The United States Supreme Court recognized bad faith prosecution as a valid ground for federal injunctive relief in Dombrowski v. Pfister (1965) 380 U.S. 479, 85 S.Ct. 1116, 14 L.Ed.2d 22.   It held that bad faith is evident where the state invokes or threatens to invoke criminal process “without any hope of ultimate success,” but only to discourage the legitimate exercise of civil rights.  (At p. 490, 85 S.Ct. at p. 1123.)   This standard for bad faith enforcement of a statute has been applied primarily in situations where First Amendment rights are involved and where harassment by state officials is often present.  (See Perez v. Ledesma (1971) 401 U.S. 82, 91 S.Ct. 674, 27 L.Ed.2d 701;  Cameron v. Johnson (1968) 390 U.S. 611, 88 S.Ct. 1335, 20 L.Ed.2d 182;  Krahm v. Graham (9th Cir.1972) 461 F.2d 703.)

  The Dombrowski standard for determining the existence of bad faith has not been applied to situations where the only concern is the existence, or nonexistence, of probable cause to arrest.   Contrary to plaintiffs' argument, Allee v. Medrano, supra, 416 U.S. 802, 94 S.Ct. 2191, 40 L.Ed.2d 566, did not apply the bad faith doctrine to arrests made where prosecution and conviction were uncertain.   The police conduct condemned in Allee involved not just arrests without probable cause, but a wide range of acts of harassment, often violent, by Texas Rangers against organizers of the United Farm Workers' Union.   The unlawful arrests were merely part of a “pervasive pattern of intimidation” by law enforcement authorities to suppress First Amendment rights.  (At p. 812, 94 S.Ct. at p. 2198.)   The issue before the court was whether the Texas Rangers exercised authority under law in an unconstitutional manner.  (Ibid.)  Such an exercise of authority is recognized as an independent ground for injunctive relief in California.  (See Startrack, Inc. v. County of Los Angeles (1976) 65 Cal.App.3d 451, 457, 135 Cal.Rptr. 283.)

 There is no claim or evidence of a conspiracy between the police and the district attorney in this appeal.   In the absence of a conspiracy, application of the bad faith standard for prosecution would be inappropriate.   Prosecutors and the police not only have different roles and duties, but each agency's standards for deciding whether to act within the scope of its authorized duties will differ as well.   The prosecutor must be able to prove the charges against a defendant beyond a reasonable doubt, while police arrests need only be supported by probable cause to believe an offense has been committed.   The decision to prosecute is also an exercise of a prosecutor's discretionary power over which police have no control.   Neither an exoneration of the offense charged nor a failure to prosecute an arrest made without a warrant renders an arrest invalid.  (Coverstone v. Davies (1952) 38 Cal.2d 315, 319, 239 P.2d 876;  People v. Nihell (1904) 144 Cal. 200, 203, 77 P. 916.)   For these reasons, knowledge of prosecution rates is not determinative in analyzing bad faith arrests.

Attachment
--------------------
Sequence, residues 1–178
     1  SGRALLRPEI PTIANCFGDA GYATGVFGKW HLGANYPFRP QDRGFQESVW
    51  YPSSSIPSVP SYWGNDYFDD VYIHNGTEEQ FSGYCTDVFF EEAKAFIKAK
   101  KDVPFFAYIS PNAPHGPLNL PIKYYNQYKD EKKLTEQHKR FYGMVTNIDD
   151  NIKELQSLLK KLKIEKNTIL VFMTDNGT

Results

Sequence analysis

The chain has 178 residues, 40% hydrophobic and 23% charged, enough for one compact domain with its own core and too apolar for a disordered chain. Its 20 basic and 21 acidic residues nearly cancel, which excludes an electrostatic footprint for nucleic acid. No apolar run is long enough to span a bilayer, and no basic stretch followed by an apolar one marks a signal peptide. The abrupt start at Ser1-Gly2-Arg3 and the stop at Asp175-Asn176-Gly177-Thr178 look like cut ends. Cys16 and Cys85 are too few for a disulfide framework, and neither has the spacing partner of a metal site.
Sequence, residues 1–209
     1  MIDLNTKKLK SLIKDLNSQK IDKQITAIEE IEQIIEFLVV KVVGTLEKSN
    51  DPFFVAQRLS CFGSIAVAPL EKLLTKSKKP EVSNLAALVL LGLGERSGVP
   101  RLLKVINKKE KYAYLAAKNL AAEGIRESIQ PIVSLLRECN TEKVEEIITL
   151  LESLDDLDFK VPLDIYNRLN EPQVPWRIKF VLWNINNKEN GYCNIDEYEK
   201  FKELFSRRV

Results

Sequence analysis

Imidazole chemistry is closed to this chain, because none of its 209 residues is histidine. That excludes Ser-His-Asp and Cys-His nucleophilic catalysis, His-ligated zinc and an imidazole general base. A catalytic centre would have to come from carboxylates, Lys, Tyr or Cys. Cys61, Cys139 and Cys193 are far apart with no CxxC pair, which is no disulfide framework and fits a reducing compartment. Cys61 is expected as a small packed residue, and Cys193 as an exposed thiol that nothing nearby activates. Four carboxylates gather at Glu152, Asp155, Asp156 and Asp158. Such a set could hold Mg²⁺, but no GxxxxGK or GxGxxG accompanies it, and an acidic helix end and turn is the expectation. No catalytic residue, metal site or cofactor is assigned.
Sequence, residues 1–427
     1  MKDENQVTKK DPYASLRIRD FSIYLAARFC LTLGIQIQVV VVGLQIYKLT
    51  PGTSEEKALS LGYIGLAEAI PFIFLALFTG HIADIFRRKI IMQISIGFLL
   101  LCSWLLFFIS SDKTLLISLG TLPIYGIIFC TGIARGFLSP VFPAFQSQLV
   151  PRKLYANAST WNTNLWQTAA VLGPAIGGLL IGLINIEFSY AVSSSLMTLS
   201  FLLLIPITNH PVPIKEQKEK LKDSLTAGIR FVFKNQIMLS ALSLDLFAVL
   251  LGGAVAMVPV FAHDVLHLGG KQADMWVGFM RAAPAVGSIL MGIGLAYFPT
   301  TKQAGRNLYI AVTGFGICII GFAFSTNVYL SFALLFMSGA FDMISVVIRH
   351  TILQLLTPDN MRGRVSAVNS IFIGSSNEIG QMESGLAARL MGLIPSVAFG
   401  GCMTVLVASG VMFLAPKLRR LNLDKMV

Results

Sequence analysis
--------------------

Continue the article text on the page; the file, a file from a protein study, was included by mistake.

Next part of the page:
Proof of bad faith requires a showing of an intent to harass so as to deprive a defendant of protected rights or to cause corruption.   Recognizing this requirement, plaintiffs argue that improper police motives for making section 647c arrests can and should be inferred from knowledge of the low prosecution rate.

 However, plaintiffs have failed to demonstrate either actual malice, corruption or intent by San Francisco police to harass defendants or to interfere with their exercise of protected rights.   The conduct and practices associated with making section 647c arrests do not rise to the level of illegal conduct.   Absent are the strong arm harassment tactics employed by law enforcement authorities in Allee;  nor were there any police efforts to prevent the exercise of First Amendment rights, an important factor in evaluating bad faith.  (See Perez v. Ledesma, supra, 401 U.S. 82, 117–118 & fn. 11, 91 S.Ct. 674, 693–694 & fn. 11, 27 L.Ed.2d 701.)   Plaintiffs also presented no evidence of repeated arrests for section 647c of the same defendant or defendants within a short period of time for the purpose of harassment (cf. Black Jack Distributors, Inc. v. Beame (S.D.N.Y.1977) 433 F.Supp. 1297).

 We need only briefly address plaintiffs' argument that defendants are punished as a result of restraints on liberty following arrest and booking where there is no trial on the merits.   An arrest necessarily involves some form of detention or restraint;  such detention incident to a lawful arrest is recognized by statutes authorizing release following arrest or arrest and booking.  (See, e.g., Pen.Code, §§ 849, 1295 et seq., 1318.)   While the period of detention may be longer for a defendant who is arrested and booked than for those given citation releases, such detention cannot be deemed as punishment where charges are later dismissed or discharged.  “There is no right not to be booked, because the charge is a misdemeanor․  [Citations.]”  (Moore v. City & County of San Francisco (1970) 5 Cal.App.3d 728, 736, 85 Cal.Rptr. 281.)

III.

Plaintiffs contend that section 647c arrests are routinely made without probable cause because the requisite element of “maliciousness” is absent, and that defendants had the burden of proving probable cause for each section 647c arrest made during the two-year period from which data were collected.   We disagree.